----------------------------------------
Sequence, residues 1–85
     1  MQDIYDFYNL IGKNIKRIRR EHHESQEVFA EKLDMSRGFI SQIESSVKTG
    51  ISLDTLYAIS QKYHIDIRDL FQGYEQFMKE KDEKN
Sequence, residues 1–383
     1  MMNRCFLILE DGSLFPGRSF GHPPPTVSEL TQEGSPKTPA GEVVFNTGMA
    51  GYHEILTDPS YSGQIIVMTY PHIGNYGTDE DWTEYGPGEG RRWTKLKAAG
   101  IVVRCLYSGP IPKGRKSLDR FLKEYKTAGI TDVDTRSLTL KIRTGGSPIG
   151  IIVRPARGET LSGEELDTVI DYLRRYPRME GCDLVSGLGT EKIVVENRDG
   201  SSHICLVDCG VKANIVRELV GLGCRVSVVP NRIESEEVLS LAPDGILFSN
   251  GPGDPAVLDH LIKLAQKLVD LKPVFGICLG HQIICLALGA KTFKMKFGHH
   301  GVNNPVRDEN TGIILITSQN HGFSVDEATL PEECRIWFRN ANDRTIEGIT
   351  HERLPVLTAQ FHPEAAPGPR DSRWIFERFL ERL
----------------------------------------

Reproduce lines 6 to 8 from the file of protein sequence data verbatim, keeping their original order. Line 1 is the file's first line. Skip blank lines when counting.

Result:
    51  GYHEILTDPS YSGQIIVMTY PHIGNYGTDE DWTEYGPGEG RRWTKLKAAG
   101  IVVRCLYSGP IPKGRKSLDR FLKEYKTAGI TDVDTRSLTL KIRTGGSPIG
   151  IIVRPARGET LSGEELDTVI DYLRRYPRME GCDLVSGLGT EKIVVENRDG